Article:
ways to create a metagame
Ways to Create a Metagame
  • Persistence

Tournaments

Trading

Ways for Players to Reward Each Other

Offline Activities (deck construction)

Stable Strategies (Chess, Diplomacy)

obvious weaknesses
Obvious Weaknesses
  • Graphics & sound will always lag other platforms

Small (and variable) form factor

  • Many manufacturers & carriers

...and inconsistent implementation of standards

Inputs designed for non-game use

...of course, that’s true of PCs, too...

less obvious weaknesses
Less Obvious Weaknesses
  • Latency is High (1 sec+)

...and likely to remain so

Games were a second thought when standards were established

...but no longer are

...but they still don’t understand networked games

  • No support for simultaneous voice-and-data

...but has to happen ultimately

avoid games that depend on low latency
Avoid Games that Depend on Low Latency
  • Soloplay games (never hit the air network)
  • Turn-based games.
    • Round-robin
    • Simultaneous movement
  • “Act whenever” games.
    • Limited by real time

“Slow update” games.

“Giants maneuvering in the mist.”

dealing with the form factor
Dealing with the Form Factor
  • One, small window on world
    • No StarCrafts or Civilizations
    • Small board layouts fine (e.g, Chess, card games)
    • One “actor” works (e.g., RPGs, side-scrollers)
  • Games that don’t require a layout at all
    • Mainly text, graphics “dress up” rather than are core to gameplay

Zoom levels

coping with ui
Coping with UI

Avoid Text Entry when feasible

Use Menus

Arrows plus “select”

Nethack/Ultima III keypresses

design to the business model
Design to the Business Model

Is it a service or a product?

What drives your revenue?

How can you maximize player satisfaction and minimize support cost?

Does play style dovetail with business demands?

design to the technology
Design to the Technology

Exploit its strengths

Design around its weaknesses

Demonstrate what’s compelling

Don’t get stuck with the preconceived

what makes this fun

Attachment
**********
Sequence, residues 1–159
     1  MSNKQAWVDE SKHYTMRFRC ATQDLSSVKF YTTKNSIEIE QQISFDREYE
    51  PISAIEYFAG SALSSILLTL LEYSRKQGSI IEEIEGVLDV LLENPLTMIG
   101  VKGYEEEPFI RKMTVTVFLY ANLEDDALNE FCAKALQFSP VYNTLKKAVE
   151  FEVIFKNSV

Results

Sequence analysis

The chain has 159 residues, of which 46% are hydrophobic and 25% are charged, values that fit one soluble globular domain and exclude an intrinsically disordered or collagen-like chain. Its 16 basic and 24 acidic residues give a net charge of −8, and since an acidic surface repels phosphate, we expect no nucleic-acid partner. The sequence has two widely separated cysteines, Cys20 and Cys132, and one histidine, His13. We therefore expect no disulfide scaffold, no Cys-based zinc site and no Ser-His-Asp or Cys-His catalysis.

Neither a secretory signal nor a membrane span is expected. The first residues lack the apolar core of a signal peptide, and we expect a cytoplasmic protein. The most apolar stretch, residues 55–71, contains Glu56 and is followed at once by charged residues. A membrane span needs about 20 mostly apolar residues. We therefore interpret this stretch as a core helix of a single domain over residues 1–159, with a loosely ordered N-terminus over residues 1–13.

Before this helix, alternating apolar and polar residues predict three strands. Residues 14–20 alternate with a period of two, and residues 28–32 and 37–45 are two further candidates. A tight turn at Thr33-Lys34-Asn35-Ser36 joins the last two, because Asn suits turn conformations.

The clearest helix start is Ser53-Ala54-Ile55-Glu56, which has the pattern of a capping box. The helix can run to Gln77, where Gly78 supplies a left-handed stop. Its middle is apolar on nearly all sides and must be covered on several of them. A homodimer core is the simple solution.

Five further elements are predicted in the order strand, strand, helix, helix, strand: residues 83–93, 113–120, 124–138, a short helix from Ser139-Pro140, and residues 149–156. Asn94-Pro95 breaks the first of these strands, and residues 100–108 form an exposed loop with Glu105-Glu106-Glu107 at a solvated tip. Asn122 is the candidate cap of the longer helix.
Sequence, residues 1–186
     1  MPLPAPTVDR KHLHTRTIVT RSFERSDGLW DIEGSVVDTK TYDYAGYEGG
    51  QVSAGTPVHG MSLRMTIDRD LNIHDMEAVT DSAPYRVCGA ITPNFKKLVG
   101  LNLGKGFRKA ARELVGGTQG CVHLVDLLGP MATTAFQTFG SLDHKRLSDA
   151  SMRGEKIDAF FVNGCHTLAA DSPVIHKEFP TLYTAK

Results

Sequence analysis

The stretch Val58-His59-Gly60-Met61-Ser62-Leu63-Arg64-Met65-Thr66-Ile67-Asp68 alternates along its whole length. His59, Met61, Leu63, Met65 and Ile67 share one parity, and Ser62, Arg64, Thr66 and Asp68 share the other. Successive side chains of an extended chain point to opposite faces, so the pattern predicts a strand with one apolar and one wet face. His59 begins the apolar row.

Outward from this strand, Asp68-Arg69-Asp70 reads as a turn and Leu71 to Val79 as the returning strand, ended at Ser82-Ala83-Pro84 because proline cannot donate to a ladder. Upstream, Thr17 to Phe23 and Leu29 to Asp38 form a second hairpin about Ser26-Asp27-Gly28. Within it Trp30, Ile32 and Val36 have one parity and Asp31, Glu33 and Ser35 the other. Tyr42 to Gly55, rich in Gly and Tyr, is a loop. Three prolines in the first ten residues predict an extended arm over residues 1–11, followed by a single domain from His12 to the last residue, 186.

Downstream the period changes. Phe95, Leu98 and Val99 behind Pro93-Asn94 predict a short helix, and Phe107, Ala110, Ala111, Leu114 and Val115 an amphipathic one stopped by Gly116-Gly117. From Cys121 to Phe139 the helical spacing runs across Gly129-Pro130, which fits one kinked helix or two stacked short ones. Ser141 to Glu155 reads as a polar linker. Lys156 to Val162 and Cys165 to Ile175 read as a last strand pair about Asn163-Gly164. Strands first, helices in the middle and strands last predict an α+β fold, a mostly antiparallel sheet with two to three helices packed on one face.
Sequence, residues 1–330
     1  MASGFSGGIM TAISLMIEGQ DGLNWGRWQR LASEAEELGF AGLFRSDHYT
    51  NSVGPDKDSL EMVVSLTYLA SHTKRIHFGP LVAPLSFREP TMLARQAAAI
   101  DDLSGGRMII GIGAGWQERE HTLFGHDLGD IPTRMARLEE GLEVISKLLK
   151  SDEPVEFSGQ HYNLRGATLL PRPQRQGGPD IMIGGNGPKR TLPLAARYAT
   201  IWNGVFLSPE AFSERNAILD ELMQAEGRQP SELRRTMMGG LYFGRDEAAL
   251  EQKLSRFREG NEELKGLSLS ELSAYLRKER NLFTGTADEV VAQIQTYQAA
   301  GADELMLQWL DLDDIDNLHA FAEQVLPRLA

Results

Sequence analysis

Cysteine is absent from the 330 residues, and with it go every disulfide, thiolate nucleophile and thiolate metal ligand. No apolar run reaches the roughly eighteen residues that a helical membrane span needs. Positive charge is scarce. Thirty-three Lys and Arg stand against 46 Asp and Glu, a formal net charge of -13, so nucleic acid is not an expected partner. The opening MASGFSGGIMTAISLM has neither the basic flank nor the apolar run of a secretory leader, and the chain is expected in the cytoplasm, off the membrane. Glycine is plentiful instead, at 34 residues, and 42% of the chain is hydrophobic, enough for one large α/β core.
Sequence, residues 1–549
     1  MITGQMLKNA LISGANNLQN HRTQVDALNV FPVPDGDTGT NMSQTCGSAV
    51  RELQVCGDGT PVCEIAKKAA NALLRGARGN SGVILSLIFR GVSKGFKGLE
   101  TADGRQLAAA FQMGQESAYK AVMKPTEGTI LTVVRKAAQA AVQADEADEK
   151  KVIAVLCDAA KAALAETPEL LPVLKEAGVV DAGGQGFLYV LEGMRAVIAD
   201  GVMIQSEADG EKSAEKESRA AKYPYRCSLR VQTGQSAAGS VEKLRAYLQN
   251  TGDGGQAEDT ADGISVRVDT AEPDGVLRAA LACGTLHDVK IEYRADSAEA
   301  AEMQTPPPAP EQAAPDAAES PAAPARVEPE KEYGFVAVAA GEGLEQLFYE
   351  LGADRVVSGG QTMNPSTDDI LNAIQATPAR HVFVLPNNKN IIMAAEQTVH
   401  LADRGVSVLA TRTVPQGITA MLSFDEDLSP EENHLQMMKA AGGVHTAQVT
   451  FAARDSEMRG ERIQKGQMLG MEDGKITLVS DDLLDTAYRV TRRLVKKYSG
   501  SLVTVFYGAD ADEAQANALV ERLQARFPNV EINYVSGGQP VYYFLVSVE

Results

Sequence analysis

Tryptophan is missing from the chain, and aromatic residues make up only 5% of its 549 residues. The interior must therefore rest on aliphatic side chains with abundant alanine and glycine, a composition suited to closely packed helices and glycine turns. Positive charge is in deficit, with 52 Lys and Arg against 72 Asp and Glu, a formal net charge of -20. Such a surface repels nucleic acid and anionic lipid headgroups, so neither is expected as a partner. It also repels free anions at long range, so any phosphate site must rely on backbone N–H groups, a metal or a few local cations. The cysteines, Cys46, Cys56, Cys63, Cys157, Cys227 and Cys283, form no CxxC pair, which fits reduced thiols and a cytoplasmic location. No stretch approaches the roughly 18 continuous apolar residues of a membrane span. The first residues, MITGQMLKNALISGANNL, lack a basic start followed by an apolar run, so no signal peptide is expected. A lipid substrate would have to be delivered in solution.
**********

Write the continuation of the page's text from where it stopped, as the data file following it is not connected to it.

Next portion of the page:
What Makes this Fun?

Nobody Knows what Works—You’re free to innovate!

Dev cycle (and costs) are low—You’ll see your work live within months

Someday, soon, a wireless game will blow us away...

Show us something we’ve never seen before

Demonstrate how this medium enables game styles we haven’t seen on consoles, PCs, or in the arcade

innovate or die
Innovate or Die
  • 99% of wireless games aren’t “designed” in any meaningful sense

load of imitative crap

rock-paper-scissors, text adventures, fucking HUNT THE WUMPUS, for god’s sake.

Innovation is what blows markets open

don t be a vidiot
Don’t be a Vidiot

Don’t Be Constrained by video and PC games of the last 5 years

“The game” is an amazingly plastic medium; software is infinitely plastic

look to
Look to...
  • Non-digital games

wargames, RPGs, CCGs, party games, trivia, German boardgames, LARPs, miniatures, PBM, improvisational drama

  • The history of videogames

puzzle games, sidescrollers, “maze” games, Robotron

  • The history of computer games

academic games, Balance of Power, M.U.L.E.

  • The history of online

MUD, multiplayer air sims, “game shows”, Bingo

  • Wonky little areas of innnovation today

RealArcade, the indy game movement, Sissyfight, Cheapass

i m interested in all sorts of games richard garfield designer of magic the gathering
“I’m interested in all sorts of games.”

--Richard Garfield

designer of Magic: The Gathering

innovation doesn t mean originality ab initio
Innovation Doesn’t Mean Originality ab initio
  • “If I see farther, it is because I stand on the shoulders of giants who have come before me.”

--Robert Burton

Steal a la carte, not whole cloth

If you can’t make yourself a Parker, Roberts, Gygax & Arneson, Garfield, Baer, Bartle, Miyamoto, Yeo, or Wright

--at least innovate at the margins

you have the opportunity to reinvent the game
You Have the Opportunity to Reinvent “The Game”

for this new medium.

Don’t blow it.

Beer or die.

slide30
URLS
  • Me:

www.costik.com

www.ungames.com

www.themis-group.com

Wireless Gaming Review:

www.wirelessgamingreview.com